Let’s talk about higher frequency diffusion. In most of our discussions we talk about vertical, horizontal, two-dimensional, one-dimensional diffusion. And that’s a diffusion that is quadratic and it’s based on some prime numbers. And we know from our math training hopefully that prime number is a number divisible by itself and one. 7, 11, 13, 17, 19, 23. Those are the 6 sequences that we use when we offer the DIY build plans form and you can buy the finished units from us also.
But the calculations are based on a formula, a modulus formula which is too complicated to go into but it’s basically a division and a subtraction with a residue and that determines the well depth. You can look that up. Just look up modulus and you’ll get some information on that.
The frequency response in most of our diffusers that we use on a regular basis averages from 200-3,450 in frequency response and we know that the well depth of the diffuser determines the low end and the well width determines the upper frequencies at which the diffusion occurs. The deeper the diffuser, the lower the frequency response.
So as a general rule, the difference between a 7, 11 and a 13 is about one octave between the 7 and 11, another octave between 11 and 13 etc, etc. So it diminishes after you get a little bit higher up in the prime numbers. But to give you an idea, a diffuser that goes down to a 100 cycles is almost 3 feet deep. Because it is based on quarter length, right? And a 100 cycle wave is 11 foot so 3 foot is about 25% of it.
But what about the frequencies above 3,450? What about those 4,000, those 5,000, those 6,000 cycle energies that give our brass instruments, our higher notes on the piano, give it that kind of spatiality and that what we call the middle and high frequency separation for the normal diffusion. But the higher frequency diffusion we can get what I’m going to call – it’s not very scientific but it’s called sparkle.
And we offer a product, it’s our many wood diffusers which are anywhere from 2-3 inches thick and made out of solid wood. And if you take them and you position, you have a whole battery – ooh, that’s a nice sound – you have a whole battery of vertical diffusers across the wall. And then you take a mini diffuser that can have a frequency response of let’s say 3,000-4,000 or even higher. And you position that above a vertical array all around the room. You can really add a lot of lightness, a lot of realism to the note. It almost makes the higher note float in space.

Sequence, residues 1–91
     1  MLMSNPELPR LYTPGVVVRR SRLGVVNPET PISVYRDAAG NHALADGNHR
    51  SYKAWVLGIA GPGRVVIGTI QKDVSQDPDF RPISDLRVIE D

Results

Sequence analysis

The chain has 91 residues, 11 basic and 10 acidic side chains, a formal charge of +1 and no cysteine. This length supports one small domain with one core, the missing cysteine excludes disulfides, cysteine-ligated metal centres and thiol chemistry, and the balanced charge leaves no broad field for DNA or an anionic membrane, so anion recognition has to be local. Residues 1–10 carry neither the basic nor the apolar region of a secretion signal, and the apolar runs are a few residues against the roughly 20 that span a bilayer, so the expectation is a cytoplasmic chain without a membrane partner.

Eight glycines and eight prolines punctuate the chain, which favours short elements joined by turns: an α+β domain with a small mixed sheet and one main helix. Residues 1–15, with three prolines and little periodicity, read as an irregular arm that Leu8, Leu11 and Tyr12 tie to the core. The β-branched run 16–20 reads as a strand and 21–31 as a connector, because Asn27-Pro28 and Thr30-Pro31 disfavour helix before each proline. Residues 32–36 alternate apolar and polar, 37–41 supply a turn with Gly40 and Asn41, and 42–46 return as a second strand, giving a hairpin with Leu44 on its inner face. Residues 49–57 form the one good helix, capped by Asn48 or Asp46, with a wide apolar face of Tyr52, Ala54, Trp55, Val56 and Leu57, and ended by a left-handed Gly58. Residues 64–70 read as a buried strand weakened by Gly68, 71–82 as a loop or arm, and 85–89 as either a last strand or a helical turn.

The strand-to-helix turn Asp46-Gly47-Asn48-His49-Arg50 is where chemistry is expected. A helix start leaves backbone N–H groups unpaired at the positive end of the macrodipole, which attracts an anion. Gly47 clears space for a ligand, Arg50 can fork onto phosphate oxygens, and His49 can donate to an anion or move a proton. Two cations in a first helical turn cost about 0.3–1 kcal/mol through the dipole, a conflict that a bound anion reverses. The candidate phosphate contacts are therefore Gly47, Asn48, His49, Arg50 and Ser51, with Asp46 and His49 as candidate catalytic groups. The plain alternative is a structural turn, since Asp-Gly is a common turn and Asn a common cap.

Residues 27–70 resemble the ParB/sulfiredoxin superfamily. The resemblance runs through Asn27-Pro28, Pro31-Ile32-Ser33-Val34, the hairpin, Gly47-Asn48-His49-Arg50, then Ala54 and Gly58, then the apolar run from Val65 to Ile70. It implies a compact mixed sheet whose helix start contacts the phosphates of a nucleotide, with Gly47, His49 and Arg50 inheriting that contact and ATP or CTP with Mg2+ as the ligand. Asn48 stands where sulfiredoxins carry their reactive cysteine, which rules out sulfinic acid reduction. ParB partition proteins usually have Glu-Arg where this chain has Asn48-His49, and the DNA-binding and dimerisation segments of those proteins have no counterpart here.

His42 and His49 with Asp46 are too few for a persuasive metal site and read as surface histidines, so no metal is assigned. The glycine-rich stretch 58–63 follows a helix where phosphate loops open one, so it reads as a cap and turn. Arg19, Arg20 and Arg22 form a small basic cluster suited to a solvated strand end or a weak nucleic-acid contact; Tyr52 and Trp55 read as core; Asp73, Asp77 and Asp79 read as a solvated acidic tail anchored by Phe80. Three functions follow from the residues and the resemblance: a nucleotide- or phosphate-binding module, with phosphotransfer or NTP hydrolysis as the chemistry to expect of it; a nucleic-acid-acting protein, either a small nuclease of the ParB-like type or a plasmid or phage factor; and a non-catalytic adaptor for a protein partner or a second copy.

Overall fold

And we have some of that in our studio in Hollywood and we experiment. We take some diffusers down, we add some diffusers and it’s funny because you can get chimes, you can get the higher frequency notes to actually float between the speakers. And it’s very, very pleasing to hear and you can accomplish that with higher frequency diffusers.
So don’t – when you get more sophisticated in your designing and you get more sophisticated in your treatment applications in your room and you get more budget – because higher frequency diffusers are made out of solid wood, they’re very expensive. And you need quite a bit of them to cover the surface area. So get your 200-3,450, 3,450 taken care of with normal, vertical and horizontal diffusion but if you want to add a little increased diffusion, an increased sparkle to your presentation, you can look at higher frequency diffusion.
This is an unedited transcript from our video series from Acoustic Fields. There will be some errors in grammar and sentence structure that occur during this translation process.
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These are great. I’d love your input on my listening room and any recommendations you may have. It’s a big and open room (15′ x 20′ x 10′), but not ideal otherwise due to windows behind and on the side walls parallel to my loudspeakers, and non-symmetrical open areas (e.g. a hallway running along 75% of the length of the room, and stairs going up along back side).
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